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|Authors: ||Walker, Graeme M.|
|Affiliation: ||University of Abertay Dundee. School of Contemporary Sciences|
|Issue Date: ||Feb-2009|
|Publisher: ||Elsevier Inc.|
|Type: ||Book chapter|
|Rights: ||Published version (c)Elsevier Inc. available from DOI: 10.1016/B978-012373944-5.00335-7|
|Citation: ||Walker, G.M. 2009. Yeasts. In: M. Schaechter, ed. Encyclopedia of microbiology. 3rd ed. London: Elsevier/Academic Press. 2009, pp:478-491.|
|Abstract: ||Yeasts are eukaryotic unicellular microfungi that are widely distributed in the natural environment. Around 1000 yeast species are known, but this represents only a fraction of yeast biodiversity on Earth. The fermentative activities of yeasts have been exploited by humans for millennia in the production of beer, wine, and bread. The most widely exploited and studied yeast species is Saccharomyces cerevisiae, commonly referred to as ‘baker’s yeast’. This species reproduces asexually by budding and sexually by the conjugation of cells of opposite mating types. Other yeasts reproduce by fission (e.g., Schizosaccharomyces pombe) and by formation of pseudohyphae as in dimorphic yeasts, such as the opportunistic human pathogen Candida albicans. In addition to being widely exploited in the production of foods, beverages, and pharmaceuticals, yeasts play significant roles as model eukaryotic cells in furthering our knowledge in the biological and biomedical sciences. Several yeasts have had their genomes completely sequenced (e.g., S. cerevisiae in 1996; Sch. pombe in 2002), and research is under way to assign a physiological function to sequenced yeast genes. The study of yeasts not only provides insights into how a simple eukaryote works but also leads to understanding of several human diseases and heritable disorders.|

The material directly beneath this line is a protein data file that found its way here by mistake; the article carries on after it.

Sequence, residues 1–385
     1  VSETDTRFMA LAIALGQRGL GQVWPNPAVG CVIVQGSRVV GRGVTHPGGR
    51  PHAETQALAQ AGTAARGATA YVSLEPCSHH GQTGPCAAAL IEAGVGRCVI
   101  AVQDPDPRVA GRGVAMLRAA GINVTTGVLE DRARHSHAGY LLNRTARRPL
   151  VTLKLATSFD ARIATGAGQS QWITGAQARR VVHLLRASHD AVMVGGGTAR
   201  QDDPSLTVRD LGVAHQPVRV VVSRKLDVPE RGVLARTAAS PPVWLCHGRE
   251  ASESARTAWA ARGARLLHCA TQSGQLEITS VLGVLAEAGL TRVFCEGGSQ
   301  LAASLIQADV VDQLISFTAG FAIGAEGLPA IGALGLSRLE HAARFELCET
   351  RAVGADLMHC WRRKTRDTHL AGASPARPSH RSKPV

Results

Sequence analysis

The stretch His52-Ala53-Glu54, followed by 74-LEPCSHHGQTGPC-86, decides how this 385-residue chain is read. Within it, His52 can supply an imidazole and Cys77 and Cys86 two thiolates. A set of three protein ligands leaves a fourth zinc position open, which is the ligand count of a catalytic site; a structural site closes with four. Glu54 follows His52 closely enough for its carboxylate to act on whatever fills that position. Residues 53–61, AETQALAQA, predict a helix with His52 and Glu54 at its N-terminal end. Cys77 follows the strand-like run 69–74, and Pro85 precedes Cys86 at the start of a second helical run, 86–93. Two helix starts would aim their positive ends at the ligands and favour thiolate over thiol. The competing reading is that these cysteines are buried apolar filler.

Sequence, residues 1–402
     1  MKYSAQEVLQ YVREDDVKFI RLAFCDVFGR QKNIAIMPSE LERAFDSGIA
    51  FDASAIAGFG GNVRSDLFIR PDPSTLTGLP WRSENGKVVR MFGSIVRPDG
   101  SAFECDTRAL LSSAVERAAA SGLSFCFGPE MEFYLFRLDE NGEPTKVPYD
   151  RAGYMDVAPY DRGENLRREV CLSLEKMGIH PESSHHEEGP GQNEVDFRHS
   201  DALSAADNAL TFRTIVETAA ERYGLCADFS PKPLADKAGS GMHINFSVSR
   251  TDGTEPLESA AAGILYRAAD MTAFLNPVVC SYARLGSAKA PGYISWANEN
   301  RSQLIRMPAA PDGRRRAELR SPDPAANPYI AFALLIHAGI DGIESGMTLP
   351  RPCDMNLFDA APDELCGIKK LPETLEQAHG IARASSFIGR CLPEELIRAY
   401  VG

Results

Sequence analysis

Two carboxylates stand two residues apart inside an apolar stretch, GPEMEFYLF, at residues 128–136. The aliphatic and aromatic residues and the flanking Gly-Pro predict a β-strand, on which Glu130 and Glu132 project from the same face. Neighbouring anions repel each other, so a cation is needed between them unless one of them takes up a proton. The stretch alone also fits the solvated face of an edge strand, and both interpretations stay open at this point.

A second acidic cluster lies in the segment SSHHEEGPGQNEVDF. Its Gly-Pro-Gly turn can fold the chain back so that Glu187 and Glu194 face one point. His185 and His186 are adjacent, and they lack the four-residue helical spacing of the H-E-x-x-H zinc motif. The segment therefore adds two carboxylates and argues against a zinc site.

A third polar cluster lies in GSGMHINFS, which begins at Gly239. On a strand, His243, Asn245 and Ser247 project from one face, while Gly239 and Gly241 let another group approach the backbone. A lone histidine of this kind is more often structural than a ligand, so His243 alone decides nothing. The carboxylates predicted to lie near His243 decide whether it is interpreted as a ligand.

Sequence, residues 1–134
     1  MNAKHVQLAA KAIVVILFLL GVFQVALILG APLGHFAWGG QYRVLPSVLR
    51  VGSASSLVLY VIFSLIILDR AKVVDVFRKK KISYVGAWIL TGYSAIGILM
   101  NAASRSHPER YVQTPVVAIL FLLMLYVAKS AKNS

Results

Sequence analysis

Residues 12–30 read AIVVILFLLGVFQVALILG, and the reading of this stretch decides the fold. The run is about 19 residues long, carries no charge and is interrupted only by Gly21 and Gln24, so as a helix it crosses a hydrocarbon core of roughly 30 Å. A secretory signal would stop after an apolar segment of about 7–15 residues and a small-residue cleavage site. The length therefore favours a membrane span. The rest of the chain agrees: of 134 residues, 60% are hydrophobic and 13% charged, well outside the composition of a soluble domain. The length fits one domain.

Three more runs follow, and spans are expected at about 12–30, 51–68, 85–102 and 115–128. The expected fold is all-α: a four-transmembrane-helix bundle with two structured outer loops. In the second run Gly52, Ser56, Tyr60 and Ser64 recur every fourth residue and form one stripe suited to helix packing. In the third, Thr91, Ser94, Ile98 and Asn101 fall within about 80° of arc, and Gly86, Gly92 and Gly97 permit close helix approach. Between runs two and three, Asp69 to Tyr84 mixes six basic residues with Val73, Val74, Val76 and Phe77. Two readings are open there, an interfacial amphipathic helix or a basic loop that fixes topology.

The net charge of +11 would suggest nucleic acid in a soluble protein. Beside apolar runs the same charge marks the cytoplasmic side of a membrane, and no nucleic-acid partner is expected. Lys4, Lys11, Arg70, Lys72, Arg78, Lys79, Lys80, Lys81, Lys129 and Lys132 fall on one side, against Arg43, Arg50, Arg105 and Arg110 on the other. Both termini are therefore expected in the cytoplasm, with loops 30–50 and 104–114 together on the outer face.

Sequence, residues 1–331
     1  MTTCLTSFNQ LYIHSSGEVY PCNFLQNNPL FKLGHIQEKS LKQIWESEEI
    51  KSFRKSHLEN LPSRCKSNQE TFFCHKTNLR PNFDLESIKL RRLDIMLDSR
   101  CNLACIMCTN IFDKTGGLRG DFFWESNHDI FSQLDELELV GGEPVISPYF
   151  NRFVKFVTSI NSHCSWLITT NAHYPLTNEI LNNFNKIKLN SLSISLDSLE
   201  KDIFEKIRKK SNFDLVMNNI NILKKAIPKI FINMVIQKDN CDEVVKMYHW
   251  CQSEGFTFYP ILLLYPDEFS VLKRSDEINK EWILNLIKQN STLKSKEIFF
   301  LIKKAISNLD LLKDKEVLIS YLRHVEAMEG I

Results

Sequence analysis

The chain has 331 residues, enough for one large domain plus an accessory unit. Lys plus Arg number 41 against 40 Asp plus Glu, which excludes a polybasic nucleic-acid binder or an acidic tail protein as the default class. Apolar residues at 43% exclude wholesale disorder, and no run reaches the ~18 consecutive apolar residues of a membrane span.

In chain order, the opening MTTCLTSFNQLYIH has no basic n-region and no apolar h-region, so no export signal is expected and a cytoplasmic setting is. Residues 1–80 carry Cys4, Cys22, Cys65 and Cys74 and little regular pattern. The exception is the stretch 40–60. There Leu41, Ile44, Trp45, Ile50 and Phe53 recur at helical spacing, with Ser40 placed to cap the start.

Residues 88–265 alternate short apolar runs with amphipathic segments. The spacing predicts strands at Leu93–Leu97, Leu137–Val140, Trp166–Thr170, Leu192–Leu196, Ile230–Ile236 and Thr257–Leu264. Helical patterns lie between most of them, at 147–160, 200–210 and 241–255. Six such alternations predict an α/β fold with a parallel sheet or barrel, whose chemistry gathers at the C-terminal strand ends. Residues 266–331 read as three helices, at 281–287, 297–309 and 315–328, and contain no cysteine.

|Appears in Collections:||Science Engineering & Technology Collection|
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